After reviewing your cloud-hosting services agreement, dry-run the cloud-hosting facility's ticketing system. These generally aren’t designed to expedite the forensic imaging process of systems under their care and control. Ask the cloud-hosting services provider to share their incident response plan and any FAQs on how they'll respond to incidents and in doing so, how they'll cooperate with their customer during a cybersecurity incident.
It’s critical to ensure your cloud-hosting facility is aware that, in the event of a cybersecurity incident affecting your data at their location, you'll be requesting their cooperation. This is integral to accessing your data so that investigative responders can work as quickly and efficiently as possible. Remember, seasoned cloud-hosting service providers are mature in data privacy and security, and should be experienced in dealing with the aspects involving digital forensics and incident response.
An example of Cloud Storming—“The Acumulus Datum”
A scenario in the Verizon 2017 Data Breach Digest (DBD) illustrates why these precautions are so important. In this cloud-based digital forensics investigation, the victim organization had received customer complaints regarding their e-commerce website. Customers’ first attempts at payment initially failed; however, upon second attempt, the transactions would go through. An inspection of the web page found it to be fake. The victim organization quickly took it offline.
It turns out a low-cost cloud service provider hosted the data halfway across the globe—fortunately, we had investigative responders nearby. After finally getting to the data, we were able to determine the fake payment page was coded to upload credit card data in real time to an external IP address, and the second payment attempt processed the data legitimately. The story ended up having a happy ending, as the investigation revealed a flaw in the threat actor's code and no data was actually taken.
General recommendations for security in the cloud
Several additional prevention, mitigation, response and investigation recommendations for cloud-related data breaches and cybersecurity incidents are summarized as follows:
- Authenticate using multiple factors—at a minimum, implement two-factor authentication for access to all critical systems.
- Limit access to critical assets—restrict direct access to trusted users and IP addresses only.
- Make log data impactful—enable and centralize logging in a way that’s easy for investigative responders to access during a cybersecurity incident.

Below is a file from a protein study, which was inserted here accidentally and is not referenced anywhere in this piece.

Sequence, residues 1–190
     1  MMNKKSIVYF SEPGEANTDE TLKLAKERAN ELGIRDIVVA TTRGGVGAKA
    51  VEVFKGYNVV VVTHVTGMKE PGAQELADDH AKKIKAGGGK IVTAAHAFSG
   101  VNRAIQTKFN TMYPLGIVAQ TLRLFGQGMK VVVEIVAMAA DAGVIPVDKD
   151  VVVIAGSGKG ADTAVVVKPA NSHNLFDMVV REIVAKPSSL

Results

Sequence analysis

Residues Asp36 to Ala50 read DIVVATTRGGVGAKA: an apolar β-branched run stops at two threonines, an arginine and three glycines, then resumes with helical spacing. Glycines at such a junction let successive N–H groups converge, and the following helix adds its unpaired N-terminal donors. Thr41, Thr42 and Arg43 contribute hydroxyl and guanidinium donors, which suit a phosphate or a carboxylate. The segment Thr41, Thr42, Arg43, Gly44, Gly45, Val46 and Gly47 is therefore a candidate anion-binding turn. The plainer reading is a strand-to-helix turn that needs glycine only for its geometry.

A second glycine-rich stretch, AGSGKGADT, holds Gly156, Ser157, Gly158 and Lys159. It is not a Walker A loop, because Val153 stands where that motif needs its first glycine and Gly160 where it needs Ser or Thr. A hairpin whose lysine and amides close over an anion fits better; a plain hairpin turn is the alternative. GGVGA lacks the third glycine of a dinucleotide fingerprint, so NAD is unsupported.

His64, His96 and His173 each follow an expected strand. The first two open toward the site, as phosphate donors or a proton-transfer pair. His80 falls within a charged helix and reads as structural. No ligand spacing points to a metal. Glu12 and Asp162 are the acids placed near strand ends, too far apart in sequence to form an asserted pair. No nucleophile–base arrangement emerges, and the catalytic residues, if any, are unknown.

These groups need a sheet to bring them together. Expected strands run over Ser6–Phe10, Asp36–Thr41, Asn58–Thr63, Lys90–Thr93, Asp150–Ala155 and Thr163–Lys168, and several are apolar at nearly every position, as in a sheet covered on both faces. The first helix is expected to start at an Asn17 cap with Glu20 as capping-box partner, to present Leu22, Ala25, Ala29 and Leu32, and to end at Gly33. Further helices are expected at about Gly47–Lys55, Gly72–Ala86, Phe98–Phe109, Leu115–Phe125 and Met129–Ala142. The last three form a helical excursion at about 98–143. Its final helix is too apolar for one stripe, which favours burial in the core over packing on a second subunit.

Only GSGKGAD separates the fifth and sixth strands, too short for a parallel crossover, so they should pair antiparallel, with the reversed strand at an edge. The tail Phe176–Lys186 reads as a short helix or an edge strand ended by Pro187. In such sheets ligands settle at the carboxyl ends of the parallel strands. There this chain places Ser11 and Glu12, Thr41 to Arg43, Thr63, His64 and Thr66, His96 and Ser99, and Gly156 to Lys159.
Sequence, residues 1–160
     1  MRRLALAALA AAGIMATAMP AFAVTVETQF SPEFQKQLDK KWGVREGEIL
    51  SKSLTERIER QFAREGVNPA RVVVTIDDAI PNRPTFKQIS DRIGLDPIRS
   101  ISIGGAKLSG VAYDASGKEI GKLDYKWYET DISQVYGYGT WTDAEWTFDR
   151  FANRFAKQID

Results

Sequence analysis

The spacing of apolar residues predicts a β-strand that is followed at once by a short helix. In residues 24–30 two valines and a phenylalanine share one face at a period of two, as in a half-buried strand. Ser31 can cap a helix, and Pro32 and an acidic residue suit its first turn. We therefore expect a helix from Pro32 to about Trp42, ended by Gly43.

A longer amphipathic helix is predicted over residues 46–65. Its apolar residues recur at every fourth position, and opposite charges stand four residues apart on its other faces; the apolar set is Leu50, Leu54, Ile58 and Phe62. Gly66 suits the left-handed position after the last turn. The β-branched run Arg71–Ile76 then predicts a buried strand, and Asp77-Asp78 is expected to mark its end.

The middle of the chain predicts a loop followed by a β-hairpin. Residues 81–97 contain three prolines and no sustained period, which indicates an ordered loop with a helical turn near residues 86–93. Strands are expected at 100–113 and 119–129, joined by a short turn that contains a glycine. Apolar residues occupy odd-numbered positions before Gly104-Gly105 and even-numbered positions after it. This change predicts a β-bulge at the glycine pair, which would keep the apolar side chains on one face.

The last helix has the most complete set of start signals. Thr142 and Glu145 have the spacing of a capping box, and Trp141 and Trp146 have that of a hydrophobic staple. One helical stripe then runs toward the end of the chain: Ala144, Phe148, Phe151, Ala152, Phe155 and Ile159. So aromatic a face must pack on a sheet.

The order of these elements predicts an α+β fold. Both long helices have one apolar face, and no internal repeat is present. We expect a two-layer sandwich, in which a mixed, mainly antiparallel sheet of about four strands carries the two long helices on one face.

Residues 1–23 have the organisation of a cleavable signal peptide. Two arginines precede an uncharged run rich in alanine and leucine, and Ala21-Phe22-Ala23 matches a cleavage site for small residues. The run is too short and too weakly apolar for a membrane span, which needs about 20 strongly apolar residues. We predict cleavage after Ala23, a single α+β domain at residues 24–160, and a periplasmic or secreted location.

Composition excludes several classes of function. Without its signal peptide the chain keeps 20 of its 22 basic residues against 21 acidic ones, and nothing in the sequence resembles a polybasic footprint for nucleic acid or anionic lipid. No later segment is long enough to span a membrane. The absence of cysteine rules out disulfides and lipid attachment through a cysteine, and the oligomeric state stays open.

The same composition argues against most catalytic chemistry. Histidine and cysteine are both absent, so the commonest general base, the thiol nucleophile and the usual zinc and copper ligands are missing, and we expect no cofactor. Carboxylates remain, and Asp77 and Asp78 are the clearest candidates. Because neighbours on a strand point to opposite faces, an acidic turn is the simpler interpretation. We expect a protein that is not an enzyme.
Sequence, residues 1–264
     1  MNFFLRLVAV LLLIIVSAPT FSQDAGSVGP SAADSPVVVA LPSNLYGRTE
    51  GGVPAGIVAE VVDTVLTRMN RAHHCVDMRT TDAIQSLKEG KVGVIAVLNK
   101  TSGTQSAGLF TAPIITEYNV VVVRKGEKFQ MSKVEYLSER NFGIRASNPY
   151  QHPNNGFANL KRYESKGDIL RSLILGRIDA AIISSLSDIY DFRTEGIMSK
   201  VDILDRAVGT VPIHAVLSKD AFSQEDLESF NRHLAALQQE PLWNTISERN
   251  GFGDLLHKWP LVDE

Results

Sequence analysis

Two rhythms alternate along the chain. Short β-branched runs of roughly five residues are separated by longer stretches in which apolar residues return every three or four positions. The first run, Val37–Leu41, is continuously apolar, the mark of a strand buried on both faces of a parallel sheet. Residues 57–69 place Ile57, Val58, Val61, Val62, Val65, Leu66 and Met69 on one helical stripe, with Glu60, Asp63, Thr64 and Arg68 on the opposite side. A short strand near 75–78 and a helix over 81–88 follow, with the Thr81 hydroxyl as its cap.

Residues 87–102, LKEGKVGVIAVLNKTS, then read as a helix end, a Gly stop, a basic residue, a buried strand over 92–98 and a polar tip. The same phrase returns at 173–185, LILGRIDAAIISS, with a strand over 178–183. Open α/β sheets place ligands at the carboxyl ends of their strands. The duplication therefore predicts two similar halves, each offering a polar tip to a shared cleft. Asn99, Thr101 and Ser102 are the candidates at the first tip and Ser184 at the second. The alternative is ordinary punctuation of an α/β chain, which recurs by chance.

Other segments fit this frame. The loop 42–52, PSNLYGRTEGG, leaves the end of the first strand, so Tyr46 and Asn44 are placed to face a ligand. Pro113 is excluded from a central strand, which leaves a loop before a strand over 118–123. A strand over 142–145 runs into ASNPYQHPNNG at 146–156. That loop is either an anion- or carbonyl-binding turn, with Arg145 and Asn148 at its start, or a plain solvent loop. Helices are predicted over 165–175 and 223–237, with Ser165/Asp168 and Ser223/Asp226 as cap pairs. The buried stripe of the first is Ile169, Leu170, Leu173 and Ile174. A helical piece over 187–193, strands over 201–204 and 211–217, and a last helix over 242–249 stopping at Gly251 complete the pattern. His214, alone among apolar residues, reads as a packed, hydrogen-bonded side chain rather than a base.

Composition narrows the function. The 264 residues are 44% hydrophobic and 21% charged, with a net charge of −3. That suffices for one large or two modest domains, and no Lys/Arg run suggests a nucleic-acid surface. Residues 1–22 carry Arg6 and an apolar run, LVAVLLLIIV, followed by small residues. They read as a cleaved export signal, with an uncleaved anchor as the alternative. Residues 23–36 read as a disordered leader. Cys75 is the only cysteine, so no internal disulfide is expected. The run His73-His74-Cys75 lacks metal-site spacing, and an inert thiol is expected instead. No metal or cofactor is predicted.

- Leverage incident response playbooks—create incident response playbooks for the most relevant data breach and other cybersecurity incidents for your industry and organization.
- Change admin passwords immediately—change local and network administrator passwords first in the event of a data breach.
Verizon publishes an annual Data Breach Investigations Report with valuable statistics on the current threats in each industry. Verizon also publishes an annual Data Breach Digest (DBD) containing real world scenarios of incidents investigated by the Verizon Threat Research Advisory Center investigative response team. The scenarios in the annual DBD can be utilized to further explore current threats and recommendations to further build on your online safety training.
More about data breaches
Would you like to know more about data breaches?
2017 Data Breach Digest Update: Cloud Storming: Forecasting whether systems are in the area
Read the 2017 Data Breach Digest Update for more information on cloud-related data breach mitigation and prevention as well as response and investigation considerations and recommendations.
Read more about cyber threat detection and response.
About the author
Jason Scott holds a Juris Doctor degree, a Bachelor's Degree in Computer Science and has worked in the cybersecurity, information security, cyber law, and criminal prosecution of crimes involving electronic/digital evidence areas for over twenty years. Jason is a Senior Security Consultant working as part of the Verizon Threat Research Advisory Center investigative response team. As part of this team, Jason responds to cybersecurity incidents, including data breach and PCI incidents, provides incident response training along with tabletop simulation exercises and performs incident response capability assessments and plan reviews.